In 1932, progressive Supreme Court Justice Louis Brandeis penned one of the most famous passages in American jurisprudence. "It is one of the happy incidents of the federal system," Brandeis wrote in his dissent in New State Ice Co. v. Liebmann, "that a single courageous State may, if its citizens choose, serve as a laboratory, and try novel social and economic experiments without risk to the rest of the country."
Since then, Brandeis' famous words have been quoted or referenced countless times, appearing everywhere from legal documents to campaign speeches. Most recently, they surfaced in the arguments leading up to the landmark Second Amendment case McDonald v. Chicago, which the Supreme Court is set to hear in early March 2010.
At issue in the case is Chicago's draconian handgun ban, a restriction that largely mirrors the gun control law struck down last year by the Supreme Court in District of Columbia v. Heller. The key difference is that Heller only decided whether the Second Amendment secures an individual right against infringement by the federal government (which oversees Washington, D.C.). McDonald will settle whether the amendment's right to keep and bear arms applies against state and local governments as well.
That's where Brandeis comes in. In Chicago's view, the Second Amendment should have no impact on its vast gun control regime. As the city has argued to the Court, "Firearms regulation is a quintessential issue on which state and local governments can 'serve as a laboratory; and try novel social and economic experiments without risk to the rest of the country.'" Thus, Chicago claims it should enjoy "the greatest flexibility to create and enforce firearms policy."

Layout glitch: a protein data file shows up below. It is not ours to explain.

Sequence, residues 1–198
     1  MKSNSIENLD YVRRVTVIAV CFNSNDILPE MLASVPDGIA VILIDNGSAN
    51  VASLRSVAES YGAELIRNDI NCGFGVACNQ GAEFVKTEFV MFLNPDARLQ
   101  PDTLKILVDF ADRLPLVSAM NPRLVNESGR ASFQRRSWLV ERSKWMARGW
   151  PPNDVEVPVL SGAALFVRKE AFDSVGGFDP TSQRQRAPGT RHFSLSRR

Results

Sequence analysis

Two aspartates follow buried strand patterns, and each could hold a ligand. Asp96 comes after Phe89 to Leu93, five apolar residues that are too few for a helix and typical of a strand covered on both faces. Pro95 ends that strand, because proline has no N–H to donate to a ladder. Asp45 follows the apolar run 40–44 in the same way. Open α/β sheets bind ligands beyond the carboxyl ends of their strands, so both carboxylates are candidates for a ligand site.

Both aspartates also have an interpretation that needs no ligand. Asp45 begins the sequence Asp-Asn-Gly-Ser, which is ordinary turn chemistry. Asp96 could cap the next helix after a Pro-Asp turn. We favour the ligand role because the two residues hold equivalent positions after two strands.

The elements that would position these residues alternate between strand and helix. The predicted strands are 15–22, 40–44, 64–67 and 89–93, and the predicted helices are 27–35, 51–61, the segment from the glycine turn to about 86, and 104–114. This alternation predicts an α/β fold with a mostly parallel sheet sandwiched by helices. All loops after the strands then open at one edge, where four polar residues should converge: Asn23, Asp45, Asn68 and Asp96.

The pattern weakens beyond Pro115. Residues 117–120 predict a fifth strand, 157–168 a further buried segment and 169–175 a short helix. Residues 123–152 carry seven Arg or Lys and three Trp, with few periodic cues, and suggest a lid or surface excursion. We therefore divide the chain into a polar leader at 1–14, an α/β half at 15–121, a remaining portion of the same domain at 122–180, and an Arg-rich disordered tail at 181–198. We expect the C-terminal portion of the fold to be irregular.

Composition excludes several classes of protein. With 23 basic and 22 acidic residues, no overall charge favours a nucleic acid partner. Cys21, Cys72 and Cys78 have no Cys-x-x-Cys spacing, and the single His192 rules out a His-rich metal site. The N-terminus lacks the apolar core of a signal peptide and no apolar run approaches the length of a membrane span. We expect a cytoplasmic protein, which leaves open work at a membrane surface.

That certainly sounds like a classic case for federalism and the states as laboratories of democratic experimentation. But look a little closer and Brandeis' celebrated words start to lose some of their shine. The issue that confronted the Supreme Court in New State Ice Co. was a 1925 Oklahoma law granting a handful of companies the exclusive authority to manufacture, sell, and distribute ice. Under the law, anyone that wanted to enter the ice business had to first justify their plans by providing "competent testimony and proof showing the necessity for the manufacture, sale or distribution of ice" at all proposed locations. In other words, upstart ice vendors faced the nearly impossible task of securing the state's permission to compete against a state-sanctioned ice monopoly.
That's the "courageous" experiment Brandeis got so misty about. What precisely was so "novel" about a business currying favor with the government in order to suppress competition? That's one of the oldest tricks in the book. Besides, as the great classical liberal Justice George Sutherland declared in his majority opinion striking down the Oklahoma ice monopoly, "in our constitutional system…there are certain essentials of liberty with which the state is not entitled to dispense in the interests of experiments."
Quite so. In fact, Brandeis himself occasionally shared this skeptical view of state power—at least when it came to state "experiments" on the First Amendment. Just one year earlier, in the case of Near v. Minnesota, Brandeis joined the Court in striking down that state's defamation law as a violation of the freedom of the press. So much for allowing a "courageous" state the free rein to experiment.
It was Sutherland's majority opinion in New State Ice Co.—not Brandeis' famous dissent—that got it right. "In [Near v. Minnesota] the theory of experimentation in censorship was not permitted to interfere with the fundamental doctrine of the freedom of the press," Sutherland wrote. "The opportunity to apply one's labor and skill in an ordinary occupation with proper regard for all reasonable regulations is no less entitled to protection."
Which brings us back to the Chicago gun case. The Windy City would like to "serve as a laboratory" with the "flexibility" to ignore the Second Amendment. But there's nothing "novel" about that. It's just another case of the government violating our rights. And since the Supreme Court would never let Chicago ban free speech, establish an official religion, or conduct other "experiments" on the First Amendment, why should the Second Amendment receive any less respect?
It's time for the Supreme Court to give the entire Bill of Rights its due.
Damon W. Root is an associate editor at Reason magazine.